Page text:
Dear Wesleyan,

Over the summer, President Roth and the university made the decision to close Green Street Teaching and Learning Center with absolutely no forewarning or communication with either Green Street families or Wesleyan students. Additionally, this decision was made during a time when Wesleyan students (many of whom depend on Green Street to earn their work study allocations) were not on campus to dispute that decision. Given that discussions about this decision had been in the works for at least a year and a half, the timing of Roth’s announcement was almost certainly done intentionally in order to prevent students from organizing easily.

For those of you who do not know, Green Street is a versatile program that offers many artistic and educational programs to the community, not the least of which is an arts-based after-school program that serves primarily low-income students of color in the area. The program is often overlooked by Wesleyan students and administration, because it is about a mile away from the center of campus, and it is not directly involved with academic or social life for most students. However, it is this deep entrenchment in the community that makes it such a powerful program. The building has deep roots as a community center in the North End, one of Middletown’s poorest neighborhoods, and it is the only university-backed community outreach program that has a institutionalized presence in the town in the form of a building.

While Wesleyan students primarily know Green Street for its after-school program where many college students work, the building is also home to a plethora of other community activities, including private lessons, homeschooling events, fundraisers, performances, and meetings. Perhaps most importantly, it has been a hub for community action over the years. Last year, the Board of Education attempted to close Macdonough Elementary School, located in the North End, and one of the places where that community came together to plan and organize resistance (as they have time and time again), was Green Street. Without Green Street, Middletown and the North End would be losing an invaluable community center.

Additionally, to my knowledge, Green Street is the single largest employer for work-study students on campus outside of food work. I worked as the student coordinator at Green Street from 2014-17, and during any given semester, the center employed between 40-60 Wesleyan students. This works out to about 1.3 to 2 percent of the undergrad student body (and at least twice that percentage of work-study students), and most of these students depend on the program to fulfill their work-study needs.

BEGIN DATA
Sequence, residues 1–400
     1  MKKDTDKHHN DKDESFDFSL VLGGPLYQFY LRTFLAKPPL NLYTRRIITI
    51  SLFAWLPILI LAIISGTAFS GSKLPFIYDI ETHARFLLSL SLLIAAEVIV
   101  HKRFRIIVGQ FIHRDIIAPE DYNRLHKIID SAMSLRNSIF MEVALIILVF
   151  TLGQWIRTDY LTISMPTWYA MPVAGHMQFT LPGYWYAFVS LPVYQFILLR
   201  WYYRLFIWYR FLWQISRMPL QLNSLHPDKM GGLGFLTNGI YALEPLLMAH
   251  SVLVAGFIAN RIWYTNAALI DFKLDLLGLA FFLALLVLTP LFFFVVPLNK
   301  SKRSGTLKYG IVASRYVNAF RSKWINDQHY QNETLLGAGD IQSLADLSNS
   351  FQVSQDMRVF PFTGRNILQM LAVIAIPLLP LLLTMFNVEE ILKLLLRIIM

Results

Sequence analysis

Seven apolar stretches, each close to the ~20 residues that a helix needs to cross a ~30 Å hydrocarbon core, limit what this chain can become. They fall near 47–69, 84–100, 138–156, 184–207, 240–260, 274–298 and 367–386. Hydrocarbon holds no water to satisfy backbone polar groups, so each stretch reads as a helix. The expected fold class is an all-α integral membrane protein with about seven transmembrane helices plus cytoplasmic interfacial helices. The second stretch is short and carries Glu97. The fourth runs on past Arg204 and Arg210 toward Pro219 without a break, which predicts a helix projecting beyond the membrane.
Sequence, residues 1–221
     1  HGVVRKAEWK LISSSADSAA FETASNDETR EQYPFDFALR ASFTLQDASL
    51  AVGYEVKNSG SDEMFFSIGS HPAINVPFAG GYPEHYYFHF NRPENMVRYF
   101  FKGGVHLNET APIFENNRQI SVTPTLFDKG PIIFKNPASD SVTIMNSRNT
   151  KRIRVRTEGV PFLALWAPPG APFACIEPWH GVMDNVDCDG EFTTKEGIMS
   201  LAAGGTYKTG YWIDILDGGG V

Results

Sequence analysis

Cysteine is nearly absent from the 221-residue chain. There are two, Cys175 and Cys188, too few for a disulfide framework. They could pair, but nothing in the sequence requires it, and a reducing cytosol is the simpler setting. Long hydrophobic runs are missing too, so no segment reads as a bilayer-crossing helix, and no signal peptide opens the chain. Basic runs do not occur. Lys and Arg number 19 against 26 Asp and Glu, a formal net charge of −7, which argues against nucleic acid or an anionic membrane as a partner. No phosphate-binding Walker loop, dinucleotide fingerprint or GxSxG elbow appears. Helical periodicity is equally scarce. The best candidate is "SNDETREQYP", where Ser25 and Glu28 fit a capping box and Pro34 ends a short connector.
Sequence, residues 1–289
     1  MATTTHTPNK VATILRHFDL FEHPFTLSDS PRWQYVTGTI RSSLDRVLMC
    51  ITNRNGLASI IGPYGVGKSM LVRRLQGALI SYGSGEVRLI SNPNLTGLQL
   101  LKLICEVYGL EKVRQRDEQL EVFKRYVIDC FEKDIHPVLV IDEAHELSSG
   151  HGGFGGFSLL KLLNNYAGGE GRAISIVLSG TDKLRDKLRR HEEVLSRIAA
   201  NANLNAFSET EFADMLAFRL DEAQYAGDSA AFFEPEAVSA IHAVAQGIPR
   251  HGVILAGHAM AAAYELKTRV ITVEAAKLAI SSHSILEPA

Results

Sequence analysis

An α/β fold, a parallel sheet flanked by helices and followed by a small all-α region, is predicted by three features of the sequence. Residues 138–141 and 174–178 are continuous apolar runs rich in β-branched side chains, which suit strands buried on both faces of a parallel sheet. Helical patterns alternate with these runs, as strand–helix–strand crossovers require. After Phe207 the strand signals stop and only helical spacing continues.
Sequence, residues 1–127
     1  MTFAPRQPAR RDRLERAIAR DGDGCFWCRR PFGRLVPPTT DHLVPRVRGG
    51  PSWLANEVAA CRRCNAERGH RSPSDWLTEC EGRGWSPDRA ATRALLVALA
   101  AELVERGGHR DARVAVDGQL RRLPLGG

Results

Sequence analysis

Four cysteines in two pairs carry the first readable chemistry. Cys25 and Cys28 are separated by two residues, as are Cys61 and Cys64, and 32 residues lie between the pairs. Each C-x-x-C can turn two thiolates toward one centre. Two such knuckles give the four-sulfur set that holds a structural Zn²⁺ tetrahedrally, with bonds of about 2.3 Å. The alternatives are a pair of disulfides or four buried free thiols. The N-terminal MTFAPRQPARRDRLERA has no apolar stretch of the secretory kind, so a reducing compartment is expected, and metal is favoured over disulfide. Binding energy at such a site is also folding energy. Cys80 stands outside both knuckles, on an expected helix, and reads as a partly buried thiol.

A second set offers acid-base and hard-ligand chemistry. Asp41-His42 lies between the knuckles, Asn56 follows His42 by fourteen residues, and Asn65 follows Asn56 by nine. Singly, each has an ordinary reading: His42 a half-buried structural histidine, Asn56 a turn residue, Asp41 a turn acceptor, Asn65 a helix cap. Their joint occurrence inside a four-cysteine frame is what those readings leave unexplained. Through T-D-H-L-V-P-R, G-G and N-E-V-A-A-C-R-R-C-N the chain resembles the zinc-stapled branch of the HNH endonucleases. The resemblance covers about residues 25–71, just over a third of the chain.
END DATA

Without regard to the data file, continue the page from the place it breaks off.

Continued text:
Roth and the university made no effort to obtain community and student input on the decision before publicly announcing it. There were no town halls. There was no WSA discussion. Work-study students leaving Wesleyan for the summer in May fully expected to return to a stable, long-term job in September, as did Green Street full-time staff. For the majority of families, students, and staff involved, the decision came as a sucker punch, completely out of the blue. This was not a transparent decision-making process, and at the very least, the university owes the hundreds of people involved with Green Street some sort of input.

And to be completely honest, the administration’s efforts to limit student outrage have, for the most part, been successful. There are a few students who are working hard to push back on the decision, and I commend them for that, but the majority of campus has been silent on the matter. For all our talk about social justice, for all our heated discussions about injustice, when I was a student at Wesleyan, I noticed a pattern of complacency from many students at the university, one that I myself am ashamed to have participated in. This pattern is fueled by the attitude that “The problem is too big,” or “I’ll wait til someone else organizes it,” or “I just have to get through midterms.” In the past few months, I have let this complacency wash over me as I have convinced myself that there is nothing I can do, since I am no longer a student at Wesleyan. However, I now see the cowardliness of that mindset, and I urge you to examine at your own outlooks as well. This problem is not too big. There is the potential for Wesleyan students and community members to work together and fight this decision. Nothing is written in stone until capable people with the ability and the willingness to act do nothing.

As we near the one-year anniversary of Election Day, a day when I remember campus as a silent, somber place where people felt there was no hope for a better future, I urge Wesleyan students to take a stand and fight for an organization that has done nothing but good for the Middletown community, and which has brought the promise of a better future for the low-income students that depend on it. In 2009, when the university was facing an enormous deficit, the WSA voted in an overwhelming majority that it was “not acceptable” for the university to cut funds to Green Street, and a member described Wesleyan’s contribution to the program as “a drop in the bucket” when compared to the overall deficit.

If students could fight to keep Green Street open in the midst of the recession, there is no reason to allow the university to withdraw its funding now. So stand up, Wesleyan. Don’t let complacency open the door to injustice in our own neighborhood.

It’s time to do the right thing.


Anna Flurry, ’17

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